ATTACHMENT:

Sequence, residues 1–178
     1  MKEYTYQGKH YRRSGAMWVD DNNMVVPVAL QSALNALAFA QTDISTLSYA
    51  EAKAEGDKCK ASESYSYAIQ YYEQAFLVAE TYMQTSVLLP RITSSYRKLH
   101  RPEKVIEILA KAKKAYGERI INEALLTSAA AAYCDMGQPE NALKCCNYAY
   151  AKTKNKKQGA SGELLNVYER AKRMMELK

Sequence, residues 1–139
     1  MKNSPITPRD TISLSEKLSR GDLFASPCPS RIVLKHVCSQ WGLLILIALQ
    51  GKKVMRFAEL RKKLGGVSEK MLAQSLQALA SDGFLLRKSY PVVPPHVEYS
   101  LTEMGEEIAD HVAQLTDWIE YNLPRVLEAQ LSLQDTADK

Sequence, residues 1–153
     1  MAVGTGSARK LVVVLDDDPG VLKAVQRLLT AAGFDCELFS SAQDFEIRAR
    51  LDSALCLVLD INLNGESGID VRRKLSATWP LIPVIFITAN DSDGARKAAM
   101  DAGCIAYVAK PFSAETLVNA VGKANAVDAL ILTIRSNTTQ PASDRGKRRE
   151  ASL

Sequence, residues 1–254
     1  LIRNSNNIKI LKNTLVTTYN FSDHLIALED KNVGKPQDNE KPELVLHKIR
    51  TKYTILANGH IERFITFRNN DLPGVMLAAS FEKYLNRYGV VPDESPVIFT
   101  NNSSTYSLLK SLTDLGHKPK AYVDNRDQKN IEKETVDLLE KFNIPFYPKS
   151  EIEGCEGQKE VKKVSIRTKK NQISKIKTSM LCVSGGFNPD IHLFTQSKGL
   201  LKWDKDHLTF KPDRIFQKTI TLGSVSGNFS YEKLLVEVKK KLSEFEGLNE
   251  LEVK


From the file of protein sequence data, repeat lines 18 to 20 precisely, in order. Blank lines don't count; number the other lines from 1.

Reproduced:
   101  NNSSTYSLLK SLTDLGHKPK AYVDNRDQKN IEKETVDLLE KFNIPFYPKS
   151  EIEGCEGQKE VKKVSIRTKK NQISKIKTSM LCVSGGFNPD IHLFTQSKGL
   201  LKWDKDHLTF KPDRIFQKTI TLGSVSGNFS YEKLLVEVKK KLSEFEGLNE